9. Fast Dynamic LPAR resize CPU and memory
  10. Reduced LPAR boot times with large memory
  11. LVM Encryption for rootvg 
  12. 128 TB JFS2 file system and file size
  13. Oracle 19c support
  14. Virtual Persistent Memory (vPMem) can be configured as a hdisk
  15. Live update of AIX kernel tunables (no, vmo)
  16. New IPsec features (NAT-T, IKE fragmentation)
  17. Stronger default security for AIX trace channel 0
  18. Sendmail support for SASL authentication
  19. TCP Cubic support
  20. Increased fork and exec scaling
  21. Enhanced Async IO IOPs scaling
  22. NVME over fabrics with NPIV storage virtualization
  23. Fabric Device Management Interface (FDMI) support
  24. Install and boot from iSCSI attached storage
  25. Physical volume encryption, including internal SED drives
  26. OpenSSL version 3
  27. AIX dump exploitation of Power hardware GZIP
  28. Reduced alternate path fail-over times with 16 GB and faster fibre channel adapters
  29. NFS client support for files larger than 32 TB
  30. tar command support for the pax archive format
  • New features are added with technology level (TL) updates, which occurs once a year, typically in the fourth quarter.
This timeline shows Power-based Server releases compared with AIX Releases
  • The original information is spread across dozens of web pages that details the AIX version that were supported on every server dating back to POWER5: System to AIX maps
Mapping Power Servers with AIX Releases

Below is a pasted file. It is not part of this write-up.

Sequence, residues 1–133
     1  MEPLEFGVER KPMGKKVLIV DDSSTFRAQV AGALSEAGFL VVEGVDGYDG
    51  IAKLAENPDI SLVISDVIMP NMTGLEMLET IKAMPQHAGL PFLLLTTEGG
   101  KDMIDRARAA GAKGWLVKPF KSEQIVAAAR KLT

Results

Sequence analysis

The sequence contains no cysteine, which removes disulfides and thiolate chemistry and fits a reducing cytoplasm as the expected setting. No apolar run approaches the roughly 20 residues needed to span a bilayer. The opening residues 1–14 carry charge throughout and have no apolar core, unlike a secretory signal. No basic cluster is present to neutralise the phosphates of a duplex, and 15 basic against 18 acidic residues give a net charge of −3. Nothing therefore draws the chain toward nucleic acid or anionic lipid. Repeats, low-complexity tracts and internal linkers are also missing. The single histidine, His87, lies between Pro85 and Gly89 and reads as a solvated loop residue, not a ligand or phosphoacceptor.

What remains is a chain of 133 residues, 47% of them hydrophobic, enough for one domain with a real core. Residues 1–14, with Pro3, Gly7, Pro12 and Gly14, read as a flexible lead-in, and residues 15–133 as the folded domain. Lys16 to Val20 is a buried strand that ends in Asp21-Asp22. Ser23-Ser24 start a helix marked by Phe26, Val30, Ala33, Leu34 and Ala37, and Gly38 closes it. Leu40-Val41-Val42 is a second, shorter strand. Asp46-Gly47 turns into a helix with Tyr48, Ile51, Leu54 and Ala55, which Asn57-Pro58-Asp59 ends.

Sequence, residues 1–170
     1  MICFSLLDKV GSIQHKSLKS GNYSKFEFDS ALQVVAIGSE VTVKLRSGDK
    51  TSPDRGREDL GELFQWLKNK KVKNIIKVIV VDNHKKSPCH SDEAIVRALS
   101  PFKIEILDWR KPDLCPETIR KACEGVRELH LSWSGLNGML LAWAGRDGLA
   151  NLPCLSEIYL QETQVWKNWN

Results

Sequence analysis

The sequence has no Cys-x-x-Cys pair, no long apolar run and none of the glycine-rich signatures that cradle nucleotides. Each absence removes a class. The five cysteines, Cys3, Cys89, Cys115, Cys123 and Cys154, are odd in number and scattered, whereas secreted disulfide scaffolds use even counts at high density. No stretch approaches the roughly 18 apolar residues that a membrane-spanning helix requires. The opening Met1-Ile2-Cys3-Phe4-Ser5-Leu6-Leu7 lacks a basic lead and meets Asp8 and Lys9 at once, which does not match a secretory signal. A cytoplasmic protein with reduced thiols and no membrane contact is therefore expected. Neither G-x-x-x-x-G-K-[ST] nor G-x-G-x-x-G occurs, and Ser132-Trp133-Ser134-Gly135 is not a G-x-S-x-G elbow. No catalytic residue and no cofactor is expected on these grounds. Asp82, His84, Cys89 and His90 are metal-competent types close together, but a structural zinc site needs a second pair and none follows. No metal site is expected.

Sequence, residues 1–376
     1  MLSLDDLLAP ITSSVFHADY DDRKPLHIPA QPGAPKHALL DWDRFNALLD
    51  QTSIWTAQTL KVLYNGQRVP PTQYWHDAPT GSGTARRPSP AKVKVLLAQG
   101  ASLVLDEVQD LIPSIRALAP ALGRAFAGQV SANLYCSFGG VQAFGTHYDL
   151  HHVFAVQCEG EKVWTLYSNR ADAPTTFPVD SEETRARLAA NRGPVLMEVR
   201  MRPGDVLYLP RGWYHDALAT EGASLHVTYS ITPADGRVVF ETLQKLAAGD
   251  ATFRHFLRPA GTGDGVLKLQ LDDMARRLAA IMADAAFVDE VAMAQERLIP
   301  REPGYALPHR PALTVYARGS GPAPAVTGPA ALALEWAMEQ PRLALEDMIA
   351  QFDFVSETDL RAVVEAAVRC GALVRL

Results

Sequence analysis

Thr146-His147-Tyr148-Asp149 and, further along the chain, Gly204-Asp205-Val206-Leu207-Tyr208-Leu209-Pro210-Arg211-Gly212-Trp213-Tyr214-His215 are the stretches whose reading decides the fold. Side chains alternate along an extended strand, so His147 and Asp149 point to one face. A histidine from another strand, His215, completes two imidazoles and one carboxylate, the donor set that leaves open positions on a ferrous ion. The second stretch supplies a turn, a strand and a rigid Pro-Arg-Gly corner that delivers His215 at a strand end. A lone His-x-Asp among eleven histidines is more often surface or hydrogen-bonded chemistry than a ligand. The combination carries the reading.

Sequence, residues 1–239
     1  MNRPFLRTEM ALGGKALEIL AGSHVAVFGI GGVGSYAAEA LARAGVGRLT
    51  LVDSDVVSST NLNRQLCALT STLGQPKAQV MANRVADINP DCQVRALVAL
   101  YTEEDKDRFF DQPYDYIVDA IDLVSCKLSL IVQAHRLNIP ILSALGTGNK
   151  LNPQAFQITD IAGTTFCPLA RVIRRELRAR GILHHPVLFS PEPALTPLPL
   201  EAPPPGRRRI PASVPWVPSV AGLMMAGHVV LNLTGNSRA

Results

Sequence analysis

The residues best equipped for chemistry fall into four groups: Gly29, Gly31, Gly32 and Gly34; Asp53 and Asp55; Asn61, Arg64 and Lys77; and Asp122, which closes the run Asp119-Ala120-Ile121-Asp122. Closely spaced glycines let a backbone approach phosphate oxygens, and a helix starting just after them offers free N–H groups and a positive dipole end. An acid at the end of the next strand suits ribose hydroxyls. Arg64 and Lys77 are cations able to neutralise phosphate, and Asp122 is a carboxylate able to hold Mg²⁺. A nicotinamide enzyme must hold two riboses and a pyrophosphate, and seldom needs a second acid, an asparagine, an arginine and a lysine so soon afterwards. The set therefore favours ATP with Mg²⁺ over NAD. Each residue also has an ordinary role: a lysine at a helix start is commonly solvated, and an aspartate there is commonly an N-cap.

• The Power Modes are a setting on each LPAR or virtual machine.
  • Power Servers support their native mode and the previous two POWER processors.
  • Each AIX release supports limited Power Modes.
  • To change virtual machine Mode
    1. Shut down the virtual machine
    2. On the HMC, change virtual machine Processor Mode setting ready for the next reboot
    3. Restart the virtual machine
      • If you change mode but your AIX does not support that Mode, AIX halts during the boot sequence. For example, AIX 7.1 can run on Power10 Server, if the virtual machine is in P8 (POWER8) Mode.  AIX 7.1 in P7 Mode can't Live Partition Mobility (LPM) migrate to a Power10 Server because Power10 does not have a P7 Mode. AIX 7.1 in P8 Mode (on POWER8 or POWER9 or Power10 servers) can LPM migrate to or from Power10.

A few reminders of often forgotten details of AIX updates
IBM's AIX binary compatibility statement
  • See the IBM Statement here:
Amazing near secret 1:
  • With a few caveats*, AIX 5.3 or later application run on AIX 7.3 with zero changes.
    • * See the webpage for the rare cases unless the developer deliberately used HW features supports on particular chips
Amazing near secret 2:
  • If you are paying for AIX SWMA (software maintenance), then you are entitled to use ESS to download any newer AIX release and upgrade to it with no further fees.
Amazing near secret 3:
  • It is obvious you can upgrade from one AIX to the next through the releases to the latest.
  • But you can also jump from say AIX 6.1 straight to the current AIX 7.3 without touching AIX 7.1 or AIX 7.2.

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Document Information

Modified date:
08 June 2023